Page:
Many members on the forum have blocked their EGR, with moticable improvements in turbo lag, better throttle response, performance and economy

As above, the EGR valve/ system deposits carbon all over the inside of the inlet manifold, etc choking the engine and reducing performance/ economy over time

Removing / blocking the EGR valve/ system (with a solid plate) also improves a cars' reliability

I did mine a long time ago - i have a clean manifold, dyno printowts etc as evedence- 160+ Hp from 113Hp stock - the EGR delete was a controbution to that

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The problem with all these emmision controls is that they are often working against each other, and require other systems to work harder to compensate. It creates a viscious circle that in the end leads to increased running costs, increased fuel use and increased CO2 emmisions. Also, with a potential reduction in life of modern vehicles, or their componants and consumables, this brings in a whole other environmental issue of disposal of waste and production of new material.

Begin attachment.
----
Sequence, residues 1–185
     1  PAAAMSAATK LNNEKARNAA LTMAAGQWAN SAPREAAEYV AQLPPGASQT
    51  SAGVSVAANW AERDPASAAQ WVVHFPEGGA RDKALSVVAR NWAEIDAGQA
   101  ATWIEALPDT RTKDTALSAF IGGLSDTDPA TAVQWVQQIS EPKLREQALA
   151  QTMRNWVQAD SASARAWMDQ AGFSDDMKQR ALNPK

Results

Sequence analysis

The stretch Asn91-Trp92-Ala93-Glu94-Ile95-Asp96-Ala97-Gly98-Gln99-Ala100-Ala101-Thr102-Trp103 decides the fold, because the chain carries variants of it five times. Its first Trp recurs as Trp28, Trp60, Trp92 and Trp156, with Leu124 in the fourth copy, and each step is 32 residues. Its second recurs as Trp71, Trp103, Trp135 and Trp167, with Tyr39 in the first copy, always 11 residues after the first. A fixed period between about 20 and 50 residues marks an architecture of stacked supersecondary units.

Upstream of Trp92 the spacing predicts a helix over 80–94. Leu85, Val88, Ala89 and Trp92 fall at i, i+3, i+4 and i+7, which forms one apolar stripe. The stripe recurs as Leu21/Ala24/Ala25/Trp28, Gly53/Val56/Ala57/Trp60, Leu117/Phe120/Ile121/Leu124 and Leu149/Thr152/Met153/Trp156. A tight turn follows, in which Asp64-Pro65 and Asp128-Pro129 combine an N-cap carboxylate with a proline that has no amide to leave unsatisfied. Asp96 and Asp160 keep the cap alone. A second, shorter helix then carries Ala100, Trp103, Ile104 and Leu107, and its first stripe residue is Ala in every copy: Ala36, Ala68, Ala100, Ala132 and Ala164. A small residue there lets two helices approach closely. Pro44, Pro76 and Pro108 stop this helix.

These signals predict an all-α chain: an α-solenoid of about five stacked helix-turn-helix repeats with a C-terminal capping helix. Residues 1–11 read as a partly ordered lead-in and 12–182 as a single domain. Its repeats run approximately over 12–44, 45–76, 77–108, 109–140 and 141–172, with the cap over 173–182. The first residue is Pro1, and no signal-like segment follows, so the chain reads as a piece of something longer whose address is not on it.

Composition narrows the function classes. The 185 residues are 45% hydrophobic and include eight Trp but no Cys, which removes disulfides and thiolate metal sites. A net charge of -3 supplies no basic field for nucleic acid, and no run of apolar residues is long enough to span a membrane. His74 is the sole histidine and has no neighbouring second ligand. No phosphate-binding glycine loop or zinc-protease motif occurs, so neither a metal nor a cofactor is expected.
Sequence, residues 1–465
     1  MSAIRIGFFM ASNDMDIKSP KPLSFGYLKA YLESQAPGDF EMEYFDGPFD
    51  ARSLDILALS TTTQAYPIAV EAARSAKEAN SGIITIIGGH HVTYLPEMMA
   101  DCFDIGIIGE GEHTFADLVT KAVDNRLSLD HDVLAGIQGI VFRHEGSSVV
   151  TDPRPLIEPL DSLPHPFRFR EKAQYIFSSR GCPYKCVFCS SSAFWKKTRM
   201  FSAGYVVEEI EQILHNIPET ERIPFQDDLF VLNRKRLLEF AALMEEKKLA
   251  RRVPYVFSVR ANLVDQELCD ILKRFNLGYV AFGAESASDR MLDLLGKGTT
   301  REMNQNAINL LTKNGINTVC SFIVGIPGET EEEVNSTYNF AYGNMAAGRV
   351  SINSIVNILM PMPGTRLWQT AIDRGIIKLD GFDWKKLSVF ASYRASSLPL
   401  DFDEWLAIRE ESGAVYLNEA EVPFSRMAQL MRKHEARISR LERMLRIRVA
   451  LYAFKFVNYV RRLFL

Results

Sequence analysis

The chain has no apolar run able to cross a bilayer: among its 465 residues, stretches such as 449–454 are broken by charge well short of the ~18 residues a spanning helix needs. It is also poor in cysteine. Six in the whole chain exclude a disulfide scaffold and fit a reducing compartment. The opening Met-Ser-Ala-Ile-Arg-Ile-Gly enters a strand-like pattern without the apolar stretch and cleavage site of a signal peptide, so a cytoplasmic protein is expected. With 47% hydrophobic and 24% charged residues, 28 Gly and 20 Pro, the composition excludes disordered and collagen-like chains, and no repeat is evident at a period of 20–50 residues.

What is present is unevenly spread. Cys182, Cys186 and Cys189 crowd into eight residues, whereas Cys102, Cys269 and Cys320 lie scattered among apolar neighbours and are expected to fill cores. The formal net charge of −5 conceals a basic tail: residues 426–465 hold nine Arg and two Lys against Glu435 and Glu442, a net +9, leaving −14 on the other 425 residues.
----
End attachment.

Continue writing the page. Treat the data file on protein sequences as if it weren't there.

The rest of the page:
I can see from the other side, that exhaust emmisions are a bad thing. NOX causes smog which kills people. Particulates kill people. Something needs to be done about them. It's the disjoined approach that is the big problem. Let's bolt this bit on to deal with this emmision. That makes another emmision worse so lets bolt another bit on to deal with that.